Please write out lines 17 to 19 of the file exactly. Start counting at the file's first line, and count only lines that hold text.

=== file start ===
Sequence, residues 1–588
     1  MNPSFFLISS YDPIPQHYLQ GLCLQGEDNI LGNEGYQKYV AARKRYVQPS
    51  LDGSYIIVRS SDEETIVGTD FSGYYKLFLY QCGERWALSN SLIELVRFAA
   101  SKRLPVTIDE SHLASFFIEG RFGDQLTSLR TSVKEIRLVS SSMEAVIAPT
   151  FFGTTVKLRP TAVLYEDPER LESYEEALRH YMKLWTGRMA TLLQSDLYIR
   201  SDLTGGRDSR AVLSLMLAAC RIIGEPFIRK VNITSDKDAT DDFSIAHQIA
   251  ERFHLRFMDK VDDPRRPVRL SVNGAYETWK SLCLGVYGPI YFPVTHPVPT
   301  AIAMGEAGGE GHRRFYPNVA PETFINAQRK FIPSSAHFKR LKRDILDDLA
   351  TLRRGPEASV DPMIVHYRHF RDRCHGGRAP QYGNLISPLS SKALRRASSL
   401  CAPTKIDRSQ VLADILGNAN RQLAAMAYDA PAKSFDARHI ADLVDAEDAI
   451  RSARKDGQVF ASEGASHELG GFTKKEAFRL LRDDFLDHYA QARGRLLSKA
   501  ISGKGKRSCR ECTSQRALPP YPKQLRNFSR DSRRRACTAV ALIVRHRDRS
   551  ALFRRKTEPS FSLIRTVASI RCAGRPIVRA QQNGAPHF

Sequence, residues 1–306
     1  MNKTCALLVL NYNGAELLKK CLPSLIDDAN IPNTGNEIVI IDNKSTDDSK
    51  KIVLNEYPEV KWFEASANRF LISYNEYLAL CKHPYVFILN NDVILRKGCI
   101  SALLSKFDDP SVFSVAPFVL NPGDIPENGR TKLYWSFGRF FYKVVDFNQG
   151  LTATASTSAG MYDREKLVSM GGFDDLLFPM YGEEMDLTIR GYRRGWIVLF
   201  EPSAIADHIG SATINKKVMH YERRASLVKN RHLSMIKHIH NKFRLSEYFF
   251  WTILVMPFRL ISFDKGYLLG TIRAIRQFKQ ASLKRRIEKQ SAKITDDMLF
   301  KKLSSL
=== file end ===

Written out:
   101  SALLSKFDDP SVFSVAPFVL NPGDIPENGR TKLYWSFGRF FYKVVDFNQG
   151  LTATASTSAG MYDREKLVSM GGFDDLLFPM YGEEMDLTIR GYRRGWIVLF
   201  EPSAIADHIG SATINKKVMH YERRASLVKN RHLSMIKHIH NKFRLSEYFF